Conflict in Tigray: ‘What we don’t know could be even more disturbing’

Conflict in Tigray: ‘What we don’t know could be even more disturbing’

One assessment, carried out by a partner of Unicef, showed that as many as 70,000 children under the age of five in Shire, are severely malnourished.

Source: Irish Times

Aid agencies concerned about a building humanitarian crisis in the Ethiopian region

Sally Hayden 

Ethiopian refugees who fled the Tigray conflict at a village next to Um Raquba refugee camp in Gedaref, eastern Sudan. Photograph: Ashraf Shazly/AFP via Getty

Nearly three months into the conflict in Tigray, northern Ethiopia, aid agencies are appealing for more access and international funding to help millions of civilians who are struggling in the middle of a grave humanitarian crisis.

“Since the start of the fighting, in early November, the population has been largely cut off from the outside world,” said Karline Kleijer, Médecins Sans Frontières emergency manager. “The banks are not operating, the mobile phone networks don’t work, there’s no internet any more. And, meanwhile, several armed groups are roaming around in the area.”

There is a huge food shortage because commercial food deliveries aren’t happening, farmers can’t harvest, and some crops were completely burned down or destroyed. Hospitals and clinics were looted, she said, as staff fled or were also trying to find food for their own families. “The population in Tigray, close to six million people, are really taking the brunt of this fighting,” Ms Kleijer said.

Ethiopia is Africa’s second most populous country. In 2018 Abiy Ahmed, an ethnic Oromo, took over as prime minister. This brought to an end decades of control by the Tigray minority.

Ethiopia’s national elections, which had been scheduled for August 2020, were postponed by a year due to the coronavirus pandemic.

In September, Tigray went ahead with its own elections, which the central government decried as illegitimate. Two months later Mr Abiy announced the military offensive against Tigray.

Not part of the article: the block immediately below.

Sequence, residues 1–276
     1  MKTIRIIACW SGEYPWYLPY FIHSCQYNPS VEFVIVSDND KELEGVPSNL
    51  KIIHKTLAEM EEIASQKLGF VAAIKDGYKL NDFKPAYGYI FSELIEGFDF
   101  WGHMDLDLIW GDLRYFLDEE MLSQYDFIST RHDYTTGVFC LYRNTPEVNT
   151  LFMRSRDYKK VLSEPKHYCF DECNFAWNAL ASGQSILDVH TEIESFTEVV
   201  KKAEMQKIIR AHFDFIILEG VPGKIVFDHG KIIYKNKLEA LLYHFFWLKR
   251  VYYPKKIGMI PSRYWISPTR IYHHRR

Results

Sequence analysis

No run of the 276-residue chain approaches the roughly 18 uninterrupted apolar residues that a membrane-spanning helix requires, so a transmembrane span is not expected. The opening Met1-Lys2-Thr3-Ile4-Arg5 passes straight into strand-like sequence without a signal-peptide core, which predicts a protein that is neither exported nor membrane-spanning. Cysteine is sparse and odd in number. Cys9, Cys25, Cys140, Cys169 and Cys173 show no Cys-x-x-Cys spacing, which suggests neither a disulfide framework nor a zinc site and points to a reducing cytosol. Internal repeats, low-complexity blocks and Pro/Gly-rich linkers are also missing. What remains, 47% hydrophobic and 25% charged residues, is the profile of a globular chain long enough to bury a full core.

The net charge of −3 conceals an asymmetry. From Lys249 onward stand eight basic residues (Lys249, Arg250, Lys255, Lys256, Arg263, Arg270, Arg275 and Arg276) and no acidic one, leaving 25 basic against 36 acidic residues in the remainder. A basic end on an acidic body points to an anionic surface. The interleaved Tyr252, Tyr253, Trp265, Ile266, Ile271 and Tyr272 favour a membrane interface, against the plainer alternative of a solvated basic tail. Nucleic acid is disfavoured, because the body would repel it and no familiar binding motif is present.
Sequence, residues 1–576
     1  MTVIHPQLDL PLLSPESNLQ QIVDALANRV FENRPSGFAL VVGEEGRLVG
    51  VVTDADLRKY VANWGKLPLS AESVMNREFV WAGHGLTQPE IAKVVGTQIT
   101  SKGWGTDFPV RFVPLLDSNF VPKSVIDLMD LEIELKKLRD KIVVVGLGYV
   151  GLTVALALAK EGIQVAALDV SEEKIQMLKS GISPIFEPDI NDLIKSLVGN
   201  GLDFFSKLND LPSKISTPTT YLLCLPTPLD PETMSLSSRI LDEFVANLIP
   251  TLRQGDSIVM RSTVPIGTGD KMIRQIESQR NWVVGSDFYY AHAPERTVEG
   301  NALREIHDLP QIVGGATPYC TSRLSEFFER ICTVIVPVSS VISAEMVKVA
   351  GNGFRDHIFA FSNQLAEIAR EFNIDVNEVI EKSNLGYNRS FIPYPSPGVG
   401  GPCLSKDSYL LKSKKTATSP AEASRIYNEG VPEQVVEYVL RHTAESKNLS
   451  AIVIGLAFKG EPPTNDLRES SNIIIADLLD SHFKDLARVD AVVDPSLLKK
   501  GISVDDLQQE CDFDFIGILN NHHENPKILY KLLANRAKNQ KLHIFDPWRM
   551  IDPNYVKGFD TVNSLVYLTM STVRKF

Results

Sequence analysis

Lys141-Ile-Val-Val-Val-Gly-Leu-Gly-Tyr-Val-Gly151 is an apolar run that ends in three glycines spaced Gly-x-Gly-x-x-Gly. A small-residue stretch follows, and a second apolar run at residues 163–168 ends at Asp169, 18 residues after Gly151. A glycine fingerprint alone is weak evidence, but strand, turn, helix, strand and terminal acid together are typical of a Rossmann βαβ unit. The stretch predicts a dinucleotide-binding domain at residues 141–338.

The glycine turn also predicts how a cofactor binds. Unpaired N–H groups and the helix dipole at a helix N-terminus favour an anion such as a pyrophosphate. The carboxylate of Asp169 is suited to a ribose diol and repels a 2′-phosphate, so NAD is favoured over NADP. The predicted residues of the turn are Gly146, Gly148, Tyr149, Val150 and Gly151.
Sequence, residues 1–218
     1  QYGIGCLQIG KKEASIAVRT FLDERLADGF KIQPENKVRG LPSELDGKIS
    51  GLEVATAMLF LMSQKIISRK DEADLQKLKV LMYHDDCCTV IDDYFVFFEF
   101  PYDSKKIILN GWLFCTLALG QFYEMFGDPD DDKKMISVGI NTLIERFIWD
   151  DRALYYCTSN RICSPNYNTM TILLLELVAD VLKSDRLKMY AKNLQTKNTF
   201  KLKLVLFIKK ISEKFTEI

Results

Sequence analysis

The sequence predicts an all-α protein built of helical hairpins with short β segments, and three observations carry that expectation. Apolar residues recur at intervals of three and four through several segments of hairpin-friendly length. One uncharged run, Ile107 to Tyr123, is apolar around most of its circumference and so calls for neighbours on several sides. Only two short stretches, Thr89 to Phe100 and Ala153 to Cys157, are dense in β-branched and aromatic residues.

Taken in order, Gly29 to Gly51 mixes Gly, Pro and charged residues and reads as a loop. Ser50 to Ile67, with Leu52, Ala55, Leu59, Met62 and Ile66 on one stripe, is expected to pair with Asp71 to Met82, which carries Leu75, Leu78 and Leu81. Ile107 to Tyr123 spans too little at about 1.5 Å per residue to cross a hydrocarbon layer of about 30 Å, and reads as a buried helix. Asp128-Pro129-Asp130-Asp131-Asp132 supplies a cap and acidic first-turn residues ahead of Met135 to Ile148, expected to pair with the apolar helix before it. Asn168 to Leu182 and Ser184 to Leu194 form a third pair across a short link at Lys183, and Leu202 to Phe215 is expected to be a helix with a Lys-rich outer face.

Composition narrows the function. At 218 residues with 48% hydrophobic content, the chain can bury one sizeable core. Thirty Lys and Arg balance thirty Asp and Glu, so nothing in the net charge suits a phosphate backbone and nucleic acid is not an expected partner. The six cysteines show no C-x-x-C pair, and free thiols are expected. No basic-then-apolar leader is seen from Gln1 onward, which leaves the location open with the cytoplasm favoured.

After the war began, communications – including phone lines and internet – were cut, making it almost impossible to get accurate information about what was happening. They remain down in most areas of Tigray.

‘More disturbing’

This week Unicef said its staff are still struggling to assess the impact of the war.

“Our concern is that what we don’t know could be even more disturbing,” said the agency’s executive director, Henrietta Fore. “For 12 weeks the international humanitarian community has had very limited access to conflict-affected populations across most of Tigray.”

One assessment, carried out by a partner of Unicef, showed that as many as 70,000 children under the age of five in Shire, northern Tigray, were severely malnourished.

More than 57,000 civilians have fled across the border to eastern Sudan, including at least 300 unaccompanied children.

Tigray has long homed about 100,000 Eritrean refugees, who fled what is one of the world’s most secretive dictatorships, where young people are forced into indefinite national service.

A 2018 peace agreement between Ethiopia and Eritrea was one of the reasons Mr Abiy was awarded the Nobel Peace Prize the following year. Now it seems that both countries have united against the Tigrayans.

On Tuesday the US called for Eritrean forces to leave Tigray. In a statement, the state department cited evidence of Eritrean soldiers forcibly returning Eritrean refugees to Eritrea, as well as “credible reports of looting, sexual violence, assaults in refugee camps and other human rights abuses”.

“It remains unclear how many Eritrean soldiers are in Tigray, or precisely where,” the statement read.